I seem to be having a lot of service contract discussions lately. One client was rejoicing that his company was extremely busy.

When I asked how many maintenance agreements they had sold, his answer was, “Um, we’re too busy to sell them.”

Another contractor I spoke to hadn’t begun selling them yet. (I’m helping him get his program together). A third conversation revealed that the service agreement program at that company was stagnant. They sold only enough to cover the ones they had lost.

This is the time of year to sell service contracts. Many times, technicians won’t discuss them with customers because they fear it will add to their already busy workday. But I think maintenance performed at service-agreement prices should be done at the slower times of the year. If customers require cleaning now, they should pay regular, although discounted, rates.

To eliminate the technicians’ excuse of “I forgot to mention them,” dispatchers should start the process by asking customers, “Do you get a discount on this call or do you have to pay full price?”

Customers never want to pay full price. Most ask how to get a discount. The dispatcher simply says, “We have a maintenance program that lets you write smaller checks to your utility company and save money on this call. The technician will explain it to you when he arrives at your home.”

Suggestions

I promise you, if the technician doesn’t mention the agreement, now the customer will ask about it.

Some other things to remember:

• If your sales are lackluster, maybe it is because your technicians don’t believe in the program.

To properly educate customers, they must believe that what they are telling customers is accurate and necessary. The best way I know to do that is to ensure that your technicians all perform maintenance on their home HVAC systems and those at the office.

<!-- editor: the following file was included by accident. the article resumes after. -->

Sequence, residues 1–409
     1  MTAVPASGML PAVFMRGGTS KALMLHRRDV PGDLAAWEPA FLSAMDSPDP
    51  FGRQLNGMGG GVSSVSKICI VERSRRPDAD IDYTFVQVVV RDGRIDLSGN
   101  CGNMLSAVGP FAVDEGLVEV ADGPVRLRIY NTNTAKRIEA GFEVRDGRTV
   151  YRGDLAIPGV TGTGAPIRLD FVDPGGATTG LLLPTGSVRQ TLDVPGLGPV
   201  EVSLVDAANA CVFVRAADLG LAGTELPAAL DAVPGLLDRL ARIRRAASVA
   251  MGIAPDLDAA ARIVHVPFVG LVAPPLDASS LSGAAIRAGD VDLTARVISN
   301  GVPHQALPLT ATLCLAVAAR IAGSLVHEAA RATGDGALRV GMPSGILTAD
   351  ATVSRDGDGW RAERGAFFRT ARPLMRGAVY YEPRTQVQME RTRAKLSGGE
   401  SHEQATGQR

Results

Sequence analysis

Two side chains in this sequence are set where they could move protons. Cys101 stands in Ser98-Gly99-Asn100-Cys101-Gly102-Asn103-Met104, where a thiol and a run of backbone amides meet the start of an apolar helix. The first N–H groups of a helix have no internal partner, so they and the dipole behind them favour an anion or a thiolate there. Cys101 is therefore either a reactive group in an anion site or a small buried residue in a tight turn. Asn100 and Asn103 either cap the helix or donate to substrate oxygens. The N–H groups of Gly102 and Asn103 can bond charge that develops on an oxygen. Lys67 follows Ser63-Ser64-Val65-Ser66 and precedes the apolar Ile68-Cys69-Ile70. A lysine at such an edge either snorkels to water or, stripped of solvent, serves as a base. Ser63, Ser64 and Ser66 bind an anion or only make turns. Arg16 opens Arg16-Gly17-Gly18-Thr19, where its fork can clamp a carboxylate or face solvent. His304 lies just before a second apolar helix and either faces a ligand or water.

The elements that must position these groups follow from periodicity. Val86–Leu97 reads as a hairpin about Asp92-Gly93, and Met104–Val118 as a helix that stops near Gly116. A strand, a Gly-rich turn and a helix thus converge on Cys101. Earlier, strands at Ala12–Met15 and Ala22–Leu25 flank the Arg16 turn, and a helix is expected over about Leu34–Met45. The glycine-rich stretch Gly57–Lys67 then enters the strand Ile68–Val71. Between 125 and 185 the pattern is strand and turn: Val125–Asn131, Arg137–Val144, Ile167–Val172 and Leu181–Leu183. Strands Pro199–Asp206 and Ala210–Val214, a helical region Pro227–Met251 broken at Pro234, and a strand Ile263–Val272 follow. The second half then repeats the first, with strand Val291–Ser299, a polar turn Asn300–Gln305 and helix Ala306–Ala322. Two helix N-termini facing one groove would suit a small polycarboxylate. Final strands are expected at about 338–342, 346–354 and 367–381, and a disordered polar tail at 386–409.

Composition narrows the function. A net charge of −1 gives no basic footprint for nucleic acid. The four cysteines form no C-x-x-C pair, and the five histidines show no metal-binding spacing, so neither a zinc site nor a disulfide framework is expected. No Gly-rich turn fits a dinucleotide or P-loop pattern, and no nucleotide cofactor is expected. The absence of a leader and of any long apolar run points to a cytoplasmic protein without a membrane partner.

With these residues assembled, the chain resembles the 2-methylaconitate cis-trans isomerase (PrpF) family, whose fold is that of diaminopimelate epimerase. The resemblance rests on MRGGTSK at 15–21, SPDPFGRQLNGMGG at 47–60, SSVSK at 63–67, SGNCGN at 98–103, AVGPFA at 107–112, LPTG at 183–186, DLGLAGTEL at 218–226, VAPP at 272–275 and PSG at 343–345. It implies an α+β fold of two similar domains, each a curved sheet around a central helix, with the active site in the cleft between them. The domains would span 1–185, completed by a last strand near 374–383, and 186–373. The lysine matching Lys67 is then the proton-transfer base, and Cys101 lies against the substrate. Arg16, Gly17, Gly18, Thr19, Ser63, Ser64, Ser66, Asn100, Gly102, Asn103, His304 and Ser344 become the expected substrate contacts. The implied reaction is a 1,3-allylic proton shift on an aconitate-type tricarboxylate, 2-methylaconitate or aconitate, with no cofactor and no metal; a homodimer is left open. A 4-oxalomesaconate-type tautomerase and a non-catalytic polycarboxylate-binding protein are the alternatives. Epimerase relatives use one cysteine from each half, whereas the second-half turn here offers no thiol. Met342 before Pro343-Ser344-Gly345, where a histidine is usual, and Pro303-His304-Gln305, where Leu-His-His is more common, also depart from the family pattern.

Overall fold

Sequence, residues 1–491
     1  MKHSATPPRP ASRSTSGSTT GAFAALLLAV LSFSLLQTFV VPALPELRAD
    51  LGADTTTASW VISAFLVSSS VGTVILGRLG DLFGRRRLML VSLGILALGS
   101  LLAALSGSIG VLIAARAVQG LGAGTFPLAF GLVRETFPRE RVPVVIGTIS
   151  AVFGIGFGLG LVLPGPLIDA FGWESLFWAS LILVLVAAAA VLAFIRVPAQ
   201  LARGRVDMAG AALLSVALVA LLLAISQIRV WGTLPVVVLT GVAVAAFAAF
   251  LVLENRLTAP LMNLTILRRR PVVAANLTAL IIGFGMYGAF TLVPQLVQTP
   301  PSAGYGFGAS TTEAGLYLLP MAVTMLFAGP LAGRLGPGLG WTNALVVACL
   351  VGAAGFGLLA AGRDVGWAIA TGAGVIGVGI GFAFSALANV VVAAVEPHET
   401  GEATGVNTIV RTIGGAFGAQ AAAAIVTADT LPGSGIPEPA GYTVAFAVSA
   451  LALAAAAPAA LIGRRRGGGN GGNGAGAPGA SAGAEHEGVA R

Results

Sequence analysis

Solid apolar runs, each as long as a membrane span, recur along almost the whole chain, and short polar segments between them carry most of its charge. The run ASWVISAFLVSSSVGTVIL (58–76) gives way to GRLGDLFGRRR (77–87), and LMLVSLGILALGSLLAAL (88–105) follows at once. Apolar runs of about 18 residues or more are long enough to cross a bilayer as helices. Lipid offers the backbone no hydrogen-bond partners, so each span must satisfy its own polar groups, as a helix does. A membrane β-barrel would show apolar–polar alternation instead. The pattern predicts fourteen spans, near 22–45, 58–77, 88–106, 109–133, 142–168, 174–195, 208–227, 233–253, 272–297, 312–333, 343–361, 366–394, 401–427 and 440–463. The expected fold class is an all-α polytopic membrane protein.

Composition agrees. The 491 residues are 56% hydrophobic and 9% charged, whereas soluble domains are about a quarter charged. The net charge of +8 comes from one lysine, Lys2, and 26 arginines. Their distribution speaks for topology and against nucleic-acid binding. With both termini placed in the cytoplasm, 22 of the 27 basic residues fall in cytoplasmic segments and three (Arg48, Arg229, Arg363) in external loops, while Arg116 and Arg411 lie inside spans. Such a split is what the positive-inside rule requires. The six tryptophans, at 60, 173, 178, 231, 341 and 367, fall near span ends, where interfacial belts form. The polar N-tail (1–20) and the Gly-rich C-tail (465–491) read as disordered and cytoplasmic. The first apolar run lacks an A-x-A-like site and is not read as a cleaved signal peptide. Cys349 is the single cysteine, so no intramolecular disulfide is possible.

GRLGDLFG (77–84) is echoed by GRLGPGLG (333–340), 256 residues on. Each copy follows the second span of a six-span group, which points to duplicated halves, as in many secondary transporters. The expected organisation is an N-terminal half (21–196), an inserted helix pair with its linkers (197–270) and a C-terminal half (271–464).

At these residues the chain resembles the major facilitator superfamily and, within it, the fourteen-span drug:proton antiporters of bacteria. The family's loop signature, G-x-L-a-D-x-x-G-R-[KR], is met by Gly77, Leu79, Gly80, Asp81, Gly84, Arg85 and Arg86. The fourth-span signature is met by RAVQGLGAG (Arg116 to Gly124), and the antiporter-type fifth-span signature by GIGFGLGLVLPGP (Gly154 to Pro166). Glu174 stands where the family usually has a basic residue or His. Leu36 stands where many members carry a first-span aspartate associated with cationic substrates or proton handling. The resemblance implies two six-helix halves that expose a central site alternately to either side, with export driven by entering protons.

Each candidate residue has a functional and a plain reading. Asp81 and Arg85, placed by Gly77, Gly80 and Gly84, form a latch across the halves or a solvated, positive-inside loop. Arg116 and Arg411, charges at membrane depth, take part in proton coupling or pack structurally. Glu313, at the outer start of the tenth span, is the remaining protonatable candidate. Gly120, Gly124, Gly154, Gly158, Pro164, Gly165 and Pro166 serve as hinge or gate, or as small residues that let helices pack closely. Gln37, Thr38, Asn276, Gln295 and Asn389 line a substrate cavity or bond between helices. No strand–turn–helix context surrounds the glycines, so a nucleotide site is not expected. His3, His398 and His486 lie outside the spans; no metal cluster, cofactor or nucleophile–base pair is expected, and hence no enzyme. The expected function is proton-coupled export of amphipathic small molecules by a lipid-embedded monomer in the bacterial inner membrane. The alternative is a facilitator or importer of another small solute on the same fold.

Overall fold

• A service call should be scheduled for each technician’s home. However, technicians should not work on their own systems.

• Dispatchers should ride with technicians to see how a maintenance inspection is performed. Each dispatcher should have a maintenance plan for his or her home. Then, when dispatchers and service technicians talk with customers, they can honestly say they have maintenance performed according to manufacturer specifications on their own systems.

• Technicians should design the service agreement.

This way they can’t say they don’t believe in it. They’ve designed it, so they have to believe in it. The deal should be that the technicians create it and you, as an owner or manager, price it. Many times the price will be higher than you’ve had in the past. However, the maintenance will be done properly with the specifications created by the technicians. They’ll usually talk about and promote what they believe in.

• Selling service agreements is a cultural activity.

For your program to be successful, everyone must constantly talk about maintenance agreements, get excited when the numbers increase, and understand that everyone wins when they do.

• Write it down.

On service calls, make sure that technicians write the service-agreement price and the regular price on tickets. This way, service-agreement customers see the discount they are receiving and non-service agreement customers see what they would have paid if they had one.

• Include a service agreement with every replacement that you sell.

The agreement should be included in the replacement price for at least the first year.

Be aware that the renewal rate on these agreements can be lower than the ones that you sell with service calls. The good thing is that you are educating homeowners who might not have known that maintenance is necessary. And, they will usually experience lower utility bills, so they’re likely to continue the plan if you keep in touch.

• Ask for referrals.

Just by asking you’ll probably get a few. Put the fact that you are looking for referrals on your business cards, service tickets and proposals. You never know when someone will keep a card and give it to a friend or colleague.

• Make sure everyone wears clothing with the company logo.

Encourage employees to wear non-uniform shirts with your company’s name on it on weekends. I’ve been stopped in airports, supermarkets and even when I was running while wearing my company T-shirt. It’s amazing how many people will stop and ask a question. Be sure to ask for the order. “May I send out a technician?” Or, “May I send one of our experts to give you an estimate?”

Copyright 2007, Ruth King. All rights reserved. Write to Ruth King, 1650 Oakbrook Drive, Suite 405, Norcross, GA 30093. Call (800) 511-6844; e-mail ruthking@hvacchannel.tv.